19/10/2015 11:06 BST | Updated 16/10/2016 06:12 BST

Say Hello to the Art of Grit and Relentless Drive

As you'll know from reading some of my previous ramblings here on the Huffington Post, I'm always impressed at the ambition and drive shown by young people who overcome all the odds to make a success of themselves.

As you'll know from reading some of my previous ramblings here on the Huffington Post, I'm always impressed at the ambition and drive shown by young people who overcome all the odds to make a success of themselves.

It's this grit and determination I put at the heart of entrepreneurship and young people's success in life and business. It's not so much about the sharpest, most advanced business acumen. It's that magic formula you build when you create something which serves a purpose, which people like and which you and wider society can benefit from. Perhaps a triple bottom line incorporating both profit and purpose.

So many youngsters find these assets hard to come by, particularly when they're hammered daily by the doom and gloom of the migrant crisis, the diving economy and the flaky jobs market. There are people out there standing up to these challenges and throwing them back in society's faces, continuing to strive and achieve.

Here's two examples of youth entrepreneurship in action. Both James Oben and Renaldo Sutherland grew up with football. They had aspirations of playing professionally, but questioned how they could be the most competitive in an already ruthless and difficult industry to break into. From humble beginnings, the pair trained hard and honed their skills in every way they knew how, developing themselves into professional-grade players and realising a distinct gap for young aspiring football players to make it to the top.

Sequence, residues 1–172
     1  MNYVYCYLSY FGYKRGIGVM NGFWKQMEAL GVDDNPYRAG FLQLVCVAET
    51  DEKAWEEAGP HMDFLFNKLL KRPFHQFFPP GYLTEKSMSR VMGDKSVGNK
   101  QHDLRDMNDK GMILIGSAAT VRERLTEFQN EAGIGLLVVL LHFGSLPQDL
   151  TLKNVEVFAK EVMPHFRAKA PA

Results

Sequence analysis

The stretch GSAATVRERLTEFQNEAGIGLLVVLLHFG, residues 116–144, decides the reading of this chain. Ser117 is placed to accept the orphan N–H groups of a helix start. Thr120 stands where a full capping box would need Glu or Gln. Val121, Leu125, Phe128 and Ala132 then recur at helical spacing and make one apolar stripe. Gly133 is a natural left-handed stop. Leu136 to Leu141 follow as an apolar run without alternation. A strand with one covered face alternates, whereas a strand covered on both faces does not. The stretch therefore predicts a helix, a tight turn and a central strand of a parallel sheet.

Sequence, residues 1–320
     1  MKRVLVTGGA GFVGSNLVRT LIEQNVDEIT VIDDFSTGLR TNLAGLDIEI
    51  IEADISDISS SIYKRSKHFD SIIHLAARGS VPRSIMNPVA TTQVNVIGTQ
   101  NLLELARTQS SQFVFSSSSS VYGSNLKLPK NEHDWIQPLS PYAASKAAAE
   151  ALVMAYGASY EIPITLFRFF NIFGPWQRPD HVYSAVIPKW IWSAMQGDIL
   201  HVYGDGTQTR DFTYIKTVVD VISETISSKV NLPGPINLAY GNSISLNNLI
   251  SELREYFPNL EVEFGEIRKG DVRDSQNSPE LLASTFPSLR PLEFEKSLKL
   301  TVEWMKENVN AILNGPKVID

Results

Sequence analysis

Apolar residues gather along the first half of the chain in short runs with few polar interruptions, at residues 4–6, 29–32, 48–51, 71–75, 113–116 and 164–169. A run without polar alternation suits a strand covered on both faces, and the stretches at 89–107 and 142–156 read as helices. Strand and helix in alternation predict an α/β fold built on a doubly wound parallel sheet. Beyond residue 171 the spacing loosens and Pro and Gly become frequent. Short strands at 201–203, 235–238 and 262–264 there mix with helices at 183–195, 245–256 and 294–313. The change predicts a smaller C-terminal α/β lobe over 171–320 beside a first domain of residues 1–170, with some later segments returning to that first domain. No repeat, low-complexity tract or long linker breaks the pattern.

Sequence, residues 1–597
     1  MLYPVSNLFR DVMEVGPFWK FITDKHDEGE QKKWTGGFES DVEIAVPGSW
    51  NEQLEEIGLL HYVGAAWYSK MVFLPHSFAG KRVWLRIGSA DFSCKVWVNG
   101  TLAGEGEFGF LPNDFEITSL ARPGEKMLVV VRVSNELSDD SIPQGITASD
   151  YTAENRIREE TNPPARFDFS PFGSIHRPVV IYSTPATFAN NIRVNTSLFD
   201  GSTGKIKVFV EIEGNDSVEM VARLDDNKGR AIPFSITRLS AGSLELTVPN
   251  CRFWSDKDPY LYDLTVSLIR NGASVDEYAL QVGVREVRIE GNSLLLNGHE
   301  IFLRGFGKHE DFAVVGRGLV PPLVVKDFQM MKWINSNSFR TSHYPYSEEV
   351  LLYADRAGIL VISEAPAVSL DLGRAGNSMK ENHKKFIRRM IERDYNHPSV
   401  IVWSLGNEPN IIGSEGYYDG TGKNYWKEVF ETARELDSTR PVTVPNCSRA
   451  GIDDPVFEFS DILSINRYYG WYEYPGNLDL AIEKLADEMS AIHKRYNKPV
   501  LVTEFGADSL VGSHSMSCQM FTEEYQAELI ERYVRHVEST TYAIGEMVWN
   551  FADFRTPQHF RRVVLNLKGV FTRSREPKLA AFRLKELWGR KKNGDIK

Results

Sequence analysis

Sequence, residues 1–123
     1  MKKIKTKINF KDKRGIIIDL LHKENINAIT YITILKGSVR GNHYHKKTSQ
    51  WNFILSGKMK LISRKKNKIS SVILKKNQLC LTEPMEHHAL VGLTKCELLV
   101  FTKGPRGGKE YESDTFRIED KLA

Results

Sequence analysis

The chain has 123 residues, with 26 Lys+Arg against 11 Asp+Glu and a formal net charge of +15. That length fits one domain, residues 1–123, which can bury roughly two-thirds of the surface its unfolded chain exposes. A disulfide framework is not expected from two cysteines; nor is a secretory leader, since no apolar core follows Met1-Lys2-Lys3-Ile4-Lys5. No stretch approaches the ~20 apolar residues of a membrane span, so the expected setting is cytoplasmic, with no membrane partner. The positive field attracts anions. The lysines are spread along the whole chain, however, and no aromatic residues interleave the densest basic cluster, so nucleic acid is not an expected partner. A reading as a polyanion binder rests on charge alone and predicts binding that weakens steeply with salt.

Here they saw a need for a grassroots, professional-grade academy which provides young people with emotional, professional, technical and peer support which develops them as both people and players. PiTS Football is a professional training centre which provides the guidance and facilities necessary to raise player performance to the highest level. This is achieved with the assistance of full time training run by UEFA coaches, sports psychology, video analysis, nutrition, strength and conditioning.

I asked the entrepreneurial duo about their success and challenges in rising to become leaders in their own right. After a hectic weekend at the Soccerex conference in Manchester, Renaldo and James sat down with me to open up their journey of PiTS' development.

"We want young people to have a place to come and develop. We want to achieve social outcomes as well as just creating a business and helping those wanting to get into football. We're also concerned about what happens to those who don't quite make it to the top in the football game" James Oben, co-founder

The pair are working on a careers hub and opportunities to branch out the business to support other young people who were concerned about their careers and professional development, in a similar way to the challenges they experienced when they were younger.

They certainly believe a great quality in leadership is to be able to give back, fill gaps and use tangible personal experience to inform the betterment of the next generation. How many businesses and leaders do you know who do this today? Probably not that many. It's a formula which is helping the pair to secure funding, awards and acclaim from a cross-section of the community, professional sectors and the sports industry as a whole. The duo's stellar contacts book and highly acclaimed programme, which is a hit on Instagram and Twitter (not surprisingly) is a product of their careful attention to detail and constant drive to move forwards. "I want to wake up and do something I love, it's about having that and not getting stuck in something which doesn't motivate me." Renaldo Sutherland, co-founder

What you can really take away from this story is that people like James and like Renaldo know how NOT to get stuck. In this ever changing, fast-paced world, that drive and initiative is hard to maintain and doing so with some entrepreneurial flair could make all the difference in young people's careers and the future of our economy also. Wouldn't you agree?